[jdev] Re: Serverless (peer2peer) jabber sessions
g.simpson at zoo-tech.com
Mon Apr 11 02:59:21 CDT 2005
> -----Original Message-----
> From: David Waite [mailto:dwaite at gmail.com]
> Sent: 10 April 2005 20:39
> To: Jabber software development list
> Subject: Re: [jdev] Re: Serverless (peer2peer) jabber sessions
> Yes, zero config in my book would require also:
> 1. A server, if needed, is bundled with a chat client
> 2. Chat clients can automatically negotiate setting up a
> server/servers (including race conditions with many clients starting
> at the same time)
> 3 ....
I can't believe how much you guys are complicating this issue, when Apple
have it all figured out.
iChat's rendezvous mode works like this.
Presence data is all stored in Rendezvous records.
Every client publishes their avail/dnd/away status and their name in
Clients scan the network for these records and build up their roster from
that, a task which Rendezvous makes trivial.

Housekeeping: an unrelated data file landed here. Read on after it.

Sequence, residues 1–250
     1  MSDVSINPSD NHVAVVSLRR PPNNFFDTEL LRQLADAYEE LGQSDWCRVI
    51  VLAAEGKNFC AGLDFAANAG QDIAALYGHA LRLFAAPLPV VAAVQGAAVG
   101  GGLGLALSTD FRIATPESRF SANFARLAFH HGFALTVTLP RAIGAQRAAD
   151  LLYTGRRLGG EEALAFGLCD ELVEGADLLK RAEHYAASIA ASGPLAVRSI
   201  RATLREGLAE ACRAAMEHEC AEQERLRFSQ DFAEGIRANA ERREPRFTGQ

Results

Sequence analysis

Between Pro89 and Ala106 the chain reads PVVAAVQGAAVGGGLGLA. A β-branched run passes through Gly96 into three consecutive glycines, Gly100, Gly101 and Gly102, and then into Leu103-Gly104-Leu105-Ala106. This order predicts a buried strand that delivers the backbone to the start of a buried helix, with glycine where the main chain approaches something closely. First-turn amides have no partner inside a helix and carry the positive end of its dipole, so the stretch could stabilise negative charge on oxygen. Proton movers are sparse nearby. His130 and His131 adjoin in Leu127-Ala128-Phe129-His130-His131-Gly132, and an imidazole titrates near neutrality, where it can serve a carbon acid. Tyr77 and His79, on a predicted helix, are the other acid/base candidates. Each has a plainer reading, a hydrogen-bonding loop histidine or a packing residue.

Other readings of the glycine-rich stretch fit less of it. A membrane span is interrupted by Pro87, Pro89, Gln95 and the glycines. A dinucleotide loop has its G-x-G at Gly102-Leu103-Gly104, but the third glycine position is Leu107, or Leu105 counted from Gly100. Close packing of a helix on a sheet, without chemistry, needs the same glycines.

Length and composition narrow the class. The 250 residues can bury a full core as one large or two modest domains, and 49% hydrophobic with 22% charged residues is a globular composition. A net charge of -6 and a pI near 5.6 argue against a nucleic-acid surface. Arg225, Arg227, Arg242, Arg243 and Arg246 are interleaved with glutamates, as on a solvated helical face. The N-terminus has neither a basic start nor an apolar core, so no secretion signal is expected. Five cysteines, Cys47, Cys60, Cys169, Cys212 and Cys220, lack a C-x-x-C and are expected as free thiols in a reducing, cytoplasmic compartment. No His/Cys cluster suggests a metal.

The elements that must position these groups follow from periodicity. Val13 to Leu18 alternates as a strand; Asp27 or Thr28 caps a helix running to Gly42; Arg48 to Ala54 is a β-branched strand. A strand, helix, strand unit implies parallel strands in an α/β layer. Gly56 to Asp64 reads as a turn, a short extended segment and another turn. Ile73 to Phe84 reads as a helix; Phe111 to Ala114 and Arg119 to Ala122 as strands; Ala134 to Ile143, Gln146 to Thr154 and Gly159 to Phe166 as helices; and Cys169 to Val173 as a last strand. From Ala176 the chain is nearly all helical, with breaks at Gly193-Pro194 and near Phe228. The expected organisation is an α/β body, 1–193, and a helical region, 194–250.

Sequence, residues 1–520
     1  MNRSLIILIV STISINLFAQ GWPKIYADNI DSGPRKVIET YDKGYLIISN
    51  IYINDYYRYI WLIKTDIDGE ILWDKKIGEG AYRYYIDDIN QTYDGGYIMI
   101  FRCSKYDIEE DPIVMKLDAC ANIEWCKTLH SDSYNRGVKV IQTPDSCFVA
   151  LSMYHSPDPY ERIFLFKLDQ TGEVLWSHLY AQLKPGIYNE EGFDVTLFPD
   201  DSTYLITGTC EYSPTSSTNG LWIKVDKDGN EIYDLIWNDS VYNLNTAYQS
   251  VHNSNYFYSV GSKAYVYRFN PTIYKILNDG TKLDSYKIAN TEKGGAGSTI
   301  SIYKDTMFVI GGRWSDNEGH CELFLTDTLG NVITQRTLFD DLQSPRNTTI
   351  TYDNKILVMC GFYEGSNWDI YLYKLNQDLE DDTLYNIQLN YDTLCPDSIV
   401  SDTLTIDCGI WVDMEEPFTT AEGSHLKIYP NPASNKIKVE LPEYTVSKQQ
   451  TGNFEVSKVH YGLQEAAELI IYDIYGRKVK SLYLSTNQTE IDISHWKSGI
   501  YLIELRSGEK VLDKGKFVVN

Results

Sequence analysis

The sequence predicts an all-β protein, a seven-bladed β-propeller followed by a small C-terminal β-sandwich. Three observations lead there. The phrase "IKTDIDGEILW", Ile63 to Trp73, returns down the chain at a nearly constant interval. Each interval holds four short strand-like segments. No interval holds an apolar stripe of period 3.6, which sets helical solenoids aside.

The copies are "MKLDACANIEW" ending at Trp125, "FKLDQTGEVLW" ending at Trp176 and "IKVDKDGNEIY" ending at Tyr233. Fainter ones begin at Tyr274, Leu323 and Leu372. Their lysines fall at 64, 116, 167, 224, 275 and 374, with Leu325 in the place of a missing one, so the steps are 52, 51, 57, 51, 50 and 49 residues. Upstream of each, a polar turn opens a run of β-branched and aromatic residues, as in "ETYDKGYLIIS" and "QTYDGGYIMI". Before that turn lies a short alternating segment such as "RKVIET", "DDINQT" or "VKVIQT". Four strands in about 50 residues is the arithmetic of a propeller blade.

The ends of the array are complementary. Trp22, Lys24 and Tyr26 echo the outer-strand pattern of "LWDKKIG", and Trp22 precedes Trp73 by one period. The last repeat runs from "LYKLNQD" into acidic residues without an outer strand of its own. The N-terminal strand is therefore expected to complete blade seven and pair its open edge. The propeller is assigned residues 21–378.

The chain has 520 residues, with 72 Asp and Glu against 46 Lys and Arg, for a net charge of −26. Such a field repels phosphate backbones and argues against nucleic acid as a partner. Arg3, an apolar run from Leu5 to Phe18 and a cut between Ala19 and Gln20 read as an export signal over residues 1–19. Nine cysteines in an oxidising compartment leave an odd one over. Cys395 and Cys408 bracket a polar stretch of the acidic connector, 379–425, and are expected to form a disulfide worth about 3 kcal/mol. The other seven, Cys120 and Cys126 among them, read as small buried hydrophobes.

Chatting is done peer to peer.
My client sits there listening on a port (the number of which is in my
rendezvous record). If someone wants to talk to me, they just connect to
that port and send the <stream> header just like they would to a jabber
server. My client accepts the connection and sends the header back.
Messages are then sent back and forth. They are just standard <message>
packets. They omit the "from" attribute, since you have a socket per person
and know where the message came from.
The conversation ends when one or other side closes the connection.
And that's it.
So yes, every client has to be a server, but because the roster stuff is
handled elsewhere, it's completely trivial - just messages back and forth.
Once the actual connection is established, neither side even cares which
side is the server and which is the client.
There's other stuff like group chat and video and file transfer, but at it's
most basic it's just
Rendezvous for roster/presence
Peer to Peer XMPP for messages
I've hacked Miranda's jabber library to support this stuff and it's taken a
few hours at most.
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